28. Gull Island, Ohio (No longer exists)
Middle Bass, as well as the neighboring Lake Erie islands, is composed of limestone bedrock. The islands
glacial past is evident in small scratches in the rock surface, known as glacial striations, carved by rocks
embedded in the glacial ice. Vast stands of red cedar and the presence of underground caverns, both
associated with limestone, are found here. The islands and shoreline support a variety of reptiles including
the state's highest concentration of the harmless fox snake. The timber rattlesnake was at one time quite
prevalent on the islands but is now gone from the area. Rattlesnake Island was so named due to the presence
of this reptile years ago.
Migrating songbirds rest here before winging across the lake. Hundreds of different species have been
identified, making this one of the best birdwatching areas in the country. Several nesting pairs of the
magnificent bald eagle are located in the area.
Middle Bass Island was formed during the glacial period when massive ice sheets entered Ohio. Glaciers
gouged and scoured the bedrock, and their tremendous weight left deep depressions which filled with
meltwater, forming the Great Lakes. Lake Erie, the world?s 12th largest freshwater lake, is large in area but
shallow, allowing for violent storms with high waves. The western basin, where Middle Bass Island is located,
has an average depth of only 25 to 30 feet.
Some of its more famous neighbors are South Bass Island, with the town of Put-in-Bay, Kelleys Island, and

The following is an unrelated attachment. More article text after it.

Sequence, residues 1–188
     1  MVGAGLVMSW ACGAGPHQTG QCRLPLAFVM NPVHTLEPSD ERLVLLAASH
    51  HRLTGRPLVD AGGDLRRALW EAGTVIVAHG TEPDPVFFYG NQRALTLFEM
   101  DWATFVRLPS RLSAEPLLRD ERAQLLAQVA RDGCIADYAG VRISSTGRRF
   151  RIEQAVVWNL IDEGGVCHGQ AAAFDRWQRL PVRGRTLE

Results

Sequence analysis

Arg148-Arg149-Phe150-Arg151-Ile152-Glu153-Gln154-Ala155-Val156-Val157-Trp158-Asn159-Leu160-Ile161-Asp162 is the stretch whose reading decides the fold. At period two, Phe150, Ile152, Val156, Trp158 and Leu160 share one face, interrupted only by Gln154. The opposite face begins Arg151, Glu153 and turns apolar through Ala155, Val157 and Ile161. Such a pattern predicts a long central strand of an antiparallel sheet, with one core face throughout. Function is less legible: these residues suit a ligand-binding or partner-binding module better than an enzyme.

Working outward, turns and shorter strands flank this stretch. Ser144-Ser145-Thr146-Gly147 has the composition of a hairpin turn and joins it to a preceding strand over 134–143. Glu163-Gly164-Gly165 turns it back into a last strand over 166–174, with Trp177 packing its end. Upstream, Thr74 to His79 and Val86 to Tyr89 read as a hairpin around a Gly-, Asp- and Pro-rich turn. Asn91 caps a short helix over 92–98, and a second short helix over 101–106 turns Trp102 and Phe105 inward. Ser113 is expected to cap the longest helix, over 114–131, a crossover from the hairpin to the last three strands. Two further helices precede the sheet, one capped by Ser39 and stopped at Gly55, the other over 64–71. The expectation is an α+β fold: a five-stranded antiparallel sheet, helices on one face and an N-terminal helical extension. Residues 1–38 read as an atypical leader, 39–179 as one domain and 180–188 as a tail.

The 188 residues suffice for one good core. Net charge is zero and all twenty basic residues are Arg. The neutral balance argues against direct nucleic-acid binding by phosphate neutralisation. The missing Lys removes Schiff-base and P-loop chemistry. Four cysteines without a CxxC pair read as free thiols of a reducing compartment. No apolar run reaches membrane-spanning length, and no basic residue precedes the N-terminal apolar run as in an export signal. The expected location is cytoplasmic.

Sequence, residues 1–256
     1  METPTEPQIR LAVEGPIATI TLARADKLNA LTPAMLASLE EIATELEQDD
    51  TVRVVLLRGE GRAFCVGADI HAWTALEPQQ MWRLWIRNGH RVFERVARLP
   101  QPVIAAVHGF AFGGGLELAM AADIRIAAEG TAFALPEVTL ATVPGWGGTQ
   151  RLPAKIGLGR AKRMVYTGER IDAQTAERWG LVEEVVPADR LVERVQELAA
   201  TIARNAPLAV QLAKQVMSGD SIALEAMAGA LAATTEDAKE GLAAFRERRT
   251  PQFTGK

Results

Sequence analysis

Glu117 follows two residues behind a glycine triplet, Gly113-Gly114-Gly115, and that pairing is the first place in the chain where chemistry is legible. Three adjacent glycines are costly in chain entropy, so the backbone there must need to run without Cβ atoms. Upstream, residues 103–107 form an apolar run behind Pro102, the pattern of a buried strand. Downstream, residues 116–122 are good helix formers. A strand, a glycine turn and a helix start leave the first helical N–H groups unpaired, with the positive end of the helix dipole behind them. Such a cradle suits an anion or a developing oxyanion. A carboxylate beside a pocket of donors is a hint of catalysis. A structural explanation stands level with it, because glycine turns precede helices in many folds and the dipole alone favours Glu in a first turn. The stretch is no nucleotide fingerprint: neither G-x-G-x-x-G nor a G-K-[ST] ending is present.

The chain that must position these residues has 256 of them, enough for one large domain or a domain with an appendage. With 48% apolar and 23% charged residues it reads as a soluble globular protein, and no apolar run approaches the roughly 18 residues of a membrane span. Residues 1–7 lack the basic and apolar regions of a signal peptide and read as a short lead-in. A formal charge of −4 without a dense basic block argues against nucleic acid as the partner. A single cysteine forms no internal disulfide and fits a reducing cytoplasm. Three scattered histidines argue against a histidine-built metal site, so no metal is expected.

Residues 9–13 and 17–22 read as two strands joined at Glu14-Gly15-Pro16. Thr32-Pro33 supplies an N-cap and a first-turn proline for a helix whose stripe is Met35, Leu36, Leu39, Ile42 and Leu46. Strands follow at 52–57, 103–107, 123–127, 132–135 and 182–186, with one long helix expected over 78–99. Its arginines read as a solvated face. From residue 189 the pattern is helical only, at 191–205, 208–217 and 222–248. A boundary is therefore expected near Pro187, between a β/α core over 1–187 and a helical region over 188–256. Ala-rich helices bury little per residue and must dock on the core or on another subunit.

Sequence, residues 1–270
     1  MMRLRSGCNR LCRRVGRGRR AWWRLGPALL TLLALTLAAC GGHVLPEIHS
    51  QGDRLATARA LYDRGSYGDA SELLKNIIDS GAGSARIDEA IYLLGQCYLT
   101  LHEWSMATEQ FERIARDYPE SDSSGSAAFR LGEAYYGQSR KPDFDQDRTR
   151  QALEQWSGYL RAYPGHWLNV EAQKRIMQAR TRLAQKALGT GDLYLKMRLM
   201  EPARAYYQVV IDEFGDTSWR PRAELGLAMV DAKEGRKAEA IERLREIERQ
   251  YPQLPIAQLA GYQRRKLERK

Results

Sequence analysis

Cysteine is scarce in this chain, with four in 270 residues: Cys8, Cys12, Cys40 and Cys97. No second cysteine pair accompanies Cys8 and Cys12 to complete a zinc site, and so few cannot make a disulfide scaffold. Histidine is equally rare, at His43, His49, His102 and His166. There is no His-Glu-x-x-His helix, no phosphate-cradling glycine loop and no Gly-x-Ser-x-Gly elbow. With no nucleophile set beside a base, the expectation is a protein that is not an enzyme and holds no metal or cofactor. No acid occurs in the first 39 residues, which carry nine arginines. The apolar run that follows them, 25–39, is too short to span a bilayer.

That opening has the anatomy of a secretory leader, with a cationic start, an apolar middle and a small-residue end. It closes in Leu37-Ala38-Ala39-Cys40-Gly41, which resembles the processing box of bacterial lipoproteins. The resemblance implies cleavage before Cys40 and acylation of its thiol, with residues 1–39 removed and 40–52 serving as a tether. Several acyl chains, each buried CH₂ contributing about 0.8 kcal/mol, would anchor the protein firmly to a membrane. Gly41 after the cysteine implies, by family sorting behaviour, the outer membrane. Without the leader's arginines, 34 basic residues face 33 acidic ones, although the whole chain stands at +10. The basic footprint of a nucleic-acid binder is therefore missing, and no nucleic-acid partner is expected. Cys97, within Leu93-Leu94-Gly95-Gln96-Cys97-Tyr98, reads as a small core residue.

Pelee Island. The island has a year-round population of 95 residents (2000 census). Seasonal population
surges to near 1,500 residents during the summer.
Some of the earliest known inhabitants of the lower Great Lakes region were the Ottawa Indian tribe, whose
name means trader, and the Wyandot (Huron), whose name is believed to mean islander or dweller on a
peninsula. Pictographs carved several hundred years ago into a huge slab of limestone known as Inscription
Rock on Kelleys Island attest to the presence of Indians on the islands in Lake Eries western basin.
were destroyed by fire in 1923.
By 1875, Middle Bass Island's Golden Eagle Winery was reputed to be the
largest wine producer in the United States. The Lonz family acquired the
business in 1884 and owned and operated it until the death of George Lonz in
1968. Lonz Winery has often been compared with the wineries of the German
Rhineland. The old castle-like structure has been visited by countless
dignitaries including five American Presidents. The winery is now part of a
corporation bearing the Lonz name. Since 1979, the wines have been made by
Italian enologist Claudio Salvador.
In 1926, Peter Lonz and his son, George, merged their own winemaking
business with the remains of the Golden Eagle Winery. Despite the nationwide
prohibition of alcohol and the onset Great Depression, the Lonz business
survived by selling bottles of grape juice with instructions for fermenting the
juice at home. Following the repeal of Prohibition in 1933, George Lonz began
rebuilding the winery complex. After a fire destroyed the structure in 1942,
work began on the Gothic-style stone castle that became a familiar landmark
for tourists and wine enthusiasts for nearly 60 years. A modern wine press was
built in 1956, and in 1962, a marina was added to the winery complex to
accommodate pleasure boaters. The Lonz Winery was placed on the National
Register of Historic Places in 1986, and remained popular with tourists until the
tragic collapse of a crowded terrace in July 2000.
In the winter of 2000 and spring of 2001, the state of Ohio purchased 124 acres
on Middle Bass Island, including undeveloped natural areas featuring
wetlands, woodlands, glacial grooves, and nearly a mile of Lake Erie shoreline,
along with the shell of the Lonz Winery and the marina complex. Middle Bass
Island became Ohios 74th state park in March 2001.